Pledging to cut government expenditures as doing its part, Prime Minister Yoshihiko Noda on Oct. 28 sought the public's understanding for the additional burden it will face to pay for rebuilding from the Great East Japan Earthquake.
In the policy speech to the two chambers of the Diet, Noda stated that his government would seek passage of a third supplementary budget as well as legislation for a temporary tax hike to pay for rebuilding.
He also stressed that the government would do its part in sacrificing for the rebuilding effort, with a plan to reduce personnel expenses for central government employees as well as returning part of the pay of Cabinet ministers and other top political appointees.
"Now is a time when the determination and talent of politicians will be questioned," Noda said in his speech. "It is clear what the Diet has to do."
He called on the ruling and opposition parties to pass as soon as possible the third supplementary budget of 12.1 trillion yen ($159.4 billion) as well as related legislation to accelerate the pace of rebuilding after the March 11 quake and tsunami, bringing the accident at the Fukushima No. 1 nuclear power plant under control and reviving the economy.
He added that his government would move resolutely to cut expenditures and secure nontax revenues to pay for the rebuilding.
Regarding legislation that would raise taxes to generate about 10 trillion yen in revenues, Noda said, "We will ask the public to shoulder a certain burden."
As examples of expenditure cutting measures to supplement rebuilding revenues, Noda pointed to a bill to cut the salaries of central government employees by an average 7.8 percent as well as a review of housing for civil servants. He also touched upon a review of policy to begin at the government revitalization council.
He also said every effort would be made to gather nontax revenues, including the selling of government-held assets, such as shares in Japan Post Holdings Co. and Japan Tobacco Inc.
Saying that politicians would have to take the lead in making sacrifices, Noda said he and other Cabinet ministers, as well as senior vice ministers and parliamentary secretaries, would return part of their salaries.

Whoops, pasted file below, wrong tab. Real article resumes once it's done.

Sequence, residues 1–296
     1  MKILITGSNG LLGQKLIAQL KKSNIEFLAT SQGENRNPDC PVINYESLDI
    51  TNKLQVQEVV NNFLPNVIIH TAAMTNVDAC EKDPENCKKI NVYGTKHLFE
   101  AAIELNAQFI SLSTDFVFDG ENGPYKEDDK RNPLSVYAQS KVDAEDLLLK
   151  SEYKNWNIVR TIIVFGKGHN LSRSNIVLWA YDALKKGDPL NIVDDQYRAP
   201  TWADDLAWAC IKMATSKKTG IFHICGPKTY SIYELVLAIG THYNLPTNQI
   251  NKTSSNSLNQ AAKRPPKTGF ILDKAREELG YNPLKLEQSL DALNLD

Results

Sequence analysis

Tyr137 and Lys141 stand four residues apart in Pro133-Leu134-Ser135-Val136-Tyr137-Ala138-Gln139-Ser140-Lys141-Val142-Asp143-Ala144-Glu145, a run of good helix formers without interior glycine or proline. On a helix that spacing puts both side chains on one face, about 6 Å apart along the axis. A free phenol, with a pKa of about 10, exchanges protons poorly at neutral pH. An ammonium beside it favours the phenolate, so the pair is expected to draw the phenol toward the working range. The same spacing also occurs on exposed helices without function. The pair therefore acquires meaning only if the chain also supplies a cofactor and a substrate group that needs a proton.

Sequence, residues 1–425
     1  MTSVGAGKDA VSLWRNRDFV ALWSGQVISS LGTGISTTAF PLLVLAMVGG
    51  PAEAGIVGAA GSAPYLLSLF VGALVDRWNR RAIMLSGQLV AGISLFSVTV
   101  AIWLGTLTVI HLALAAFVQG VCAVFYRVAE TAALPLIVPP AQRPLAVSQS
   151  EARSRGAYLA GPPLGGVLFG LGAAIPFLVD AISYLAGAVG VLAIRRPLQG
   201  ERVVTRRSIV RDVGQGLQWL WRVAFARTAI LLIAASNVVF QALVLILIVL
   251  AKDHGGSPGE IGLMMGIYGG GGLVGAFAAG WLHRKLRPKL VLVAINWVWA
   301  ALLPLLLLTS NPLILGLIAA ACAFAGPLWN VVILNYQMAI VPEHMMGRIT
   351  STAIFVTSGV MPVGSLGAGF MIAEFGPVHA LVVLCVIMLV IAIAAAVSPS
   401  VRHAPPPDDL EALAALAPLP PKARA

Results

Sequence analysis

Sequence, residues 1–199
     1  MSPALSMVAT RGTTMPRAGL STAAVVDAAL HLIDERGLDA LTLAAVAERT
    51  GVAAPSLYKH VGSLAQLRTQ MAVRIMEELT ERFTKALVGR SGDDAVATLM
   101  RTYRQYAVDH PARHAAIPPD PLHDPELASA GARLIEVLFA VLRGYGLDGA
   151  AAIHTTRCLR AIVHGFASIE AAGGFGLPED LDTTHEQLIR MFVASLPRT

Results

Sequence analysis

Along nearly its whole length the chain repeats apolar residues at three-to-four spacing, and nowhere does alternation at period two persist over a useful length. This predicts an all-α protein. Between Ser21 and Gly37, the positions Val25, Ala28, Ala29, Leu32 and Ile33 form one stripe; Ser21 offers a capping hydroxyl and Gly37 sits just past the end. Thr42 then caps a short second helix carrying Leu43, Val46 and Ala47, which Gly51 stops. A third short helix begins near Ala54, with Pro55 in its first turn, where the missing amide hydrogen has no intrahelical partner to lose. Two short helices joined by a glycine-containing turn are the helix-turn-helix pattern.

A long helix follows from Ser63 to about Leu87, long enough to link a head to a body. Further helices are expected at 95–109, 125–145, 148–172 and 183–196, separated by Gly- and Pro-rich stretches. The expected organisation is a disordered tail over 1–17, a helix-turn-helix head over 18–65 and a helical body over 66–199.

Noda said he would return 30 percent of his salary, while other Cabinet ministers and senior vice ministers would return 20 percent of their pay.
Noda also said he held high hopes that the ruling and opposition parties could reach agreement on reducing the number of Diet members, which is 722.
It still remains to be seen how much progress Noda can make on his various proposals.
While the third supplementary budget and the legislation to raise taxes to pay for rebuilding will likely pass the Diet in mid-November, it is still uncertain how negotiations between the ruling and opposition parties will turn out on the bill to cut the salaries of civil servants by an average 7.8 percent.
The government has also only begun discussions on reducing the amount of housing for civil servants, including the suspension of a plan to build housing in Asaka, Saitama Prefecture.
The policy review to be conducted by the government revitalization council will also not begin until late November.
Regarding the reduction in the number of Diet members, while discussions have proceeded on resolving the differences in the value of a vote, no such progress has been made on actually reducing the number of Diet seats.
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